Gilmore Girls a WB Family Worth Knowing, 01.25.01 ...
The best show on television you're not watching would be "Gilmore Girls," the WB's comedy-drama about conflict and conciliation among three generations of women.
Where much of TV --- even good TV --- goes ka-chung! with some combination of T&A, violence or easily promo'd gimmickry, "Gilmore" ripples along like a river in springtime, glistening with highlights.
Smooth but not boring, sweet but not sappy, smart but not stuck on itself, it's a series that doesn't scream out for your attention, and hence hasn't gotten what it deserves.
"Gilmore" resists being stuffed into a nutshell, but here's the nutshell anyway. Lorelai Gilmore (Lauren Graham) got pregnant at 16 and had an illegitimate daughter. Now Rory (doe-eyed newcomer Alexis Bledel) is 16 herself, and Lorelai is naturally worried that history might repeat itself. But her relationship with Rory is blissful compared to her warfare with her own mother, Emily (Kelly Bishop), a control-freak, old-money snob.
You can watch for the sly humor, the romances, the friction, the deftly incorporated diversity or the tossed-off pop culture references; in just a handful of recent episodes, they were evoking Susan Faludi and Tonya Harding, Ricky Martin and Rick James, "The Odd Couple" and "Heathers," Proust and Beck. It's enough to make Dennis Miller go all giddy.
And critics are pretty high as well. When the trade journal Electronic Media polled more than 100 TV critics on their favorite shows, the freshman series "Gilmore" finished a surprising fourth, beating such favorites as "The Sopranos," and "ER."
"Gilmore" averages a rather puny 3.6 million viewers a week, but it's performing better than a lot of other WB shows and doing particularly well with the WB's target demo, females ages 12-34. Add the advertising support of the Family Friendly Programming Forum (a group of sponsors trying to help TV like this) and the high esteem everyone has for the show, and it has a real shot.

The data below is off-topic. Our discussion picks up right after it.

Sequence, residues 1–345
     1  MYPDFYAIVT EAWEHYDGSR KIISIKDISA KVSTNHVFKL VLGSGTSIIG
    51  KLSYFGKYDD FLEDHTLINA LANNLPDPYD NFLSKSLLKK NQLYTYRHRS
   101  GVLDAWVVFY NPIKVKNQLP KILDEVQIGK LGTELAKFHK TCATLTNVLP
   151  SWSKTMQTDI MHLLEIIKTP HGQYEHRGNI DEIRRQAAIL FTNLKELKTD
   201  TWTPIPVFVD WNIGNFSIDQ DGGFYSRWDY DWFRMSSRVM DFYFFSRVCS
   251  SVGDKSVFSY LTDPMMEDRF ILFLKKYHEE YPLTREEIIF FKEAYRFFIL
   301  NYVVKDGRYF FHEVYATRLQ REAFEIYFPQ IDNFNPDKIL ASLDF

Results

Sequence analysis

Unless "Survivor: The Australian Outback" finishes it off. "Gilmore" had a rough enough road against "Friends," but on Feb. 1, CBS moves its reality monster to 8 p.m. Thursdays. In the ensuing battle, all industry eyes will be on "Survivor" vs. "Friends."
"I freaked out about going against 'Friends,' '' says Amy Sherman-Palladino, the shows hyper-verbal creator. "I'm freaking out about going against 'Survivor.' I just freak out about everything."
Sherman-Palladino talks like a teenager --- at least the kind of verbally dextrous teenager you find on "Dawson's Creek."
"The teens that are on TV, they all dress like they're 35 and on the cover of Cosmo and they're all having sex at 12 and I'm like, wow, that was so not what I went through," she says, all in one breath.
"I thought somewhere in America there must be one or two kids running around that haven't slept with somebody yet. When you take a kid who's already dressing like Linda Evangelista, you're missing all the good stories, you're missing all the development and all the heartache and all the tears.
On Stage 14 of the Warner Bros. backlot, Sherman-Palladino is sitting in the "lobby" of the Independence Inn, the small hotel in Connecticut that Lorelai manages. On the show, Lorelai is the motormouth, prone to fits of babbling (but coherent babbling). But it's obvious that even though Sherman-Palladino is childless and a California native, she's poured some of herself into Lorelai.
Nearby, Kelly Bishop ("Dirty Dancing") and Edward Herrmann ("Eleanor and Franklin") are singing the praises of Alexis Bledel, embarrassing her half to death.
Bledel, who turned 19 during the show's early episodes, was a film major at New York University with almost no acting experience. "She is one of the most natural actresses I've ever worked with," says Bishop, more grandmotherly in real life than her steely character on the show.
Bledel looks down, blushes, smiles shyly, and shakes her head no. "I'm so embarrassed," she says.
Graham, who has a string of busted sitcoms in her past ("MYOB," "Townies") says she is not much like her character, Lorelai, despite both having a strong affinity for coffee.
She was "more a Rory kind of kid. I was sort of bookish, not confident, not a wild kid in high school."
"I get a lot of reaction from people really relating to the smartness and the toughness of the character," she says. "And it's not just women, it's men too. It's never the same kind of person twice."
A producer summons all the actors away. Time to work. The "Survivor" sequel is bearing down on "Gilmore Girls" like a runaway semi, and it will take some doing for this quiet but rewarding show to survive till next season.
Credit: Atlanta Journal-Constitution
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